The command to get it done:

 1: REM make apppools 32bit

 2: %windir%\system32\inetsrv\appcmd set config

 3:     -section:applicationPools

 4:     -applicationPoolDefaults.enable32BitAppOnWin64:true

Put this command in a startup.cmd file and add it to the project. Define in the ServiceDefinition.csdef a startup task and we are good to go.

 1: <Startup>

 2:   <Task commandLine="startup.cmd" executionContext="elevated" taskType="simple" />

 3: </Startup>

Don’t forget to add a Folder with the DllHost console application and the 32 bits dll. Set the property ‘Copy to Output Directory’ to ‘Copy Always’ or ‘Copy if newer’ for both files.

Downside of the solutions:

If there is some kind of dynamic configuration needed, the Console application is less handy. A Console application uses a app.config and by Default it can not use the Service configuration settings. The second solution of course can do so.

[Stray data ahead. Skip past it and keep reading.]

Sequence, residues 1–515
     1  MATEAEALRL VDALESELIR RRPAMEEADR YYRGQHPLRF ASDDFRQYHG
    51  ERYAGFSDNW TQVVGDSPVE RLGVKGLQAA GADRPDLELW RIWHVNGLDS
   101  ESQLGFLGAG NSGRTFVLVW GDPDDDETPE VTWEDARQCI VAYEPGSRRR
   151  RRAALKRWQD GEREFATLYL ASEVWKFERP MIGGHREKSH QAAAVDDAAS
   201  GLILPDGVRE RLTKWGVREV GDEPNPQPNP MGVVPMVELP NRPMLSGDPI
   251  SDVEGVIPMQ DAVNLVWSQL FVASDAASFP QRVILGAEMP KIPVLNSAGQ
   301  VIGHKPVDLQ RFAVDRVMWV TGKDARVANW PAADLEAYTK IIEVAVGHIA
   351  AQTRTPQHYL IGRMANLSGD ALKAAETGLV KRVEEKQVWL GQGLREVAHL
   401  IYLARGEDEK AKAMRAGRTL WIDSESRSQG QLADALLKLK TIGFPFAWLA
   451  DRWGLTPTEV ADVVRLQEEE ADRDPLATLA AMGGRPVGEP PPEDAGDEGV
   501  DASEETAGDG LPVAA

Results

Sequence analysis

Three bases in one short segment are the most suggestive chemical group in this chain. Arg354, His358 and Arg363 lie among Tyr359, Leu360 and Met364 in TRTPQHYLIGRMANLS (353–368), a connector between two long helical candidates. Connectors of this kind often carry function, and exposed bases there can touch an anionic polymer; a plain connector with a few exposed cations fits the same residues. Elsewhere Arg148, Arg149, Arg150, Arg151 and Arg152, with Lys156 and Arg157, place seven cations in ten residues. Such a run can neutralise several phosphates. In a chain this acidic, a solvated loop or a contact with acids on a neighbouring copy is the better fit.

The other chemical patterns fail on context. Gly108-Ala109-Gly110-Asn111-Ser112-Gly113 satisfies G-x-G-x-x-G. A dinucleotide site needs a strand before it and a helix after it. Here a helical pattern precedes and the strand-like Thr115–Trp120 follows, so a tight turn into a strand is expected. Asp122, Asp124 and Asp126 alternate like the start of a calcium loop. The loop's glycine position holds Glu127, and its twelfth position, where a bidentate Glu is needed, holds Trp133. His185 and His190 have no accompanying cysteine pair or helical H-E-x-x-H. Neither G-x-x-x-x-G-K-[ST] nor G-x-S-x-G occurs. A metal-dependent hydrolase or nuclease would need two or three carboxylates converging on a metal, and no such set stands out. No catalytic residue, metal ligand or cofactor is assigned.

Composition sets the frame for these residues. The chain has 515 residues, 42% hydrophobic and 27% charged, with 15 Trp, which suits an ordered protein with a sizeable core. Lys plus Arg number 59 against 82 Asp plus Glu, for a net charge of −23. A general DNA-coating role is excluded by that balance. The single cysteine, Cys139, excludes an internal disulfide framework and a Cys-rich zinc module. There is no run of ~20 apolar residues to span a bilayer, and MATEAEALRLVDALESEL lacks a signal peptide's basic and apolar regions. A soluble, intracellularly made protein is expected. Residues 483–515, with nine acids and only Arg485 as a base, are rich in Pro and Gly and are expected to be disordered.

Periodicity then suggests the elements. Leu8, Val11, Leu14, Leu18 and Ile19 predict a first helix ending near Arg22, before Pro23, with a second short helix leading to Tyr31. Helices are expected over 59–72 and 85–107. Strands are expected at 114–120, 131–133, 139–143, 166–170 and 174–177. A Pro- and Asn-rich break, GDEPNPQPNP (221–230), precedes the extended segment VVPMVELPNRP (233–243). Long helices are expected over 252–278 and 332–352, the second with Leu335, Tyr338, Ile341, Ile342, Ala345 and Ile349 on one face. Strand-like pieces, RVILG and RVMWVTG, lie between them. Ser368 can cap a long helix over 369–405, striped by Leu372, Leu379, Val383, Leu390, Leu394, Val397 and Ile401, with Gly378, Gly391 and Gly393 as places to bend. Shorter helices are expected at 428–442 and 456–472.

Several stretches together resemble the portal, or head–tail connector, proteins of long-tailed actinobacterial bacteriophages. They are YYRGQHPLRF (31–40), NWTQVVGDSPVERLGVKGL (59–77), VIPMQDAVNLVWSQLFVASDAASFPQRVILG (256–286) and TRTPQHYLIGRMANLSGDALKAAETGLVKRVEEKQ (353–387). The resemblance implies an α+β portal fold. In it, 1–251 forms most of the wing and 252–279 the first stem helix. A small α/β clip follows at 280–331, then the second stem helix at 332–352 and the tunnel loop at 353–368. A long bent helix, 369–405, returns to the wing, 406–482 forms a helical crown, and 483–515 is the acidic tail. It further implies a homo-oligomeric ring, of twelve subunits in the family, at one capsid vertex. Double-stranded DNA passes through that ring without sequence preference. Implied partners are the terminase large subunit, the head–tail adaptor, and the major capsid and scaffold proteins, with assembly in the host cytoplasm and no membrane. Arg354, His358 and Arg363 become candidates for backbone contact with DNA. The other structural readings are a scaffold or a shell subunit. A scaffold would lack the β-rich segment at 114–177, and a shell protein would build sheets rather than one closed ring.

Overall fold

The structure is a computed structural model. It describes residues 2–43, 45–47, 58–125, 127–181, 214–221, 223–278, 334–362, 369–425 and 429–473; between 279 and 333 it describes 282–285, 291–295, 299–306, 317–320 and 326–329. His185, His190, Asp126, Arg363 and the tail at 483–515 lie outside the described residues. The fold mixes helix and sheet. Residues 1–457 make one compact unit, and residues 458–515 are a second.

To test the two solutions I made a small frontend with 4 buttons. The first two use the WCF service using the Dll Host console application. The other two call WCF service where the AppPool is in 32 bits mode. The labels result show a 0 or 1 of higher. Zero if the Calculation module was called and nothing was mixed. Higher then one means the result of two or more computation were mixed. You can test this by opening two browsers and click on the buttons simultaneous (there is time Winking smile).

When using the Mutex buttons, both results will be zero.


What does this mean for the load of the services, I will answer that in a different blogpost. Of course we are using a Cloud service to test the max load.

The story above is not only for Windows Azure, but in fact for every 64 bits server environment on premise or with other hosting.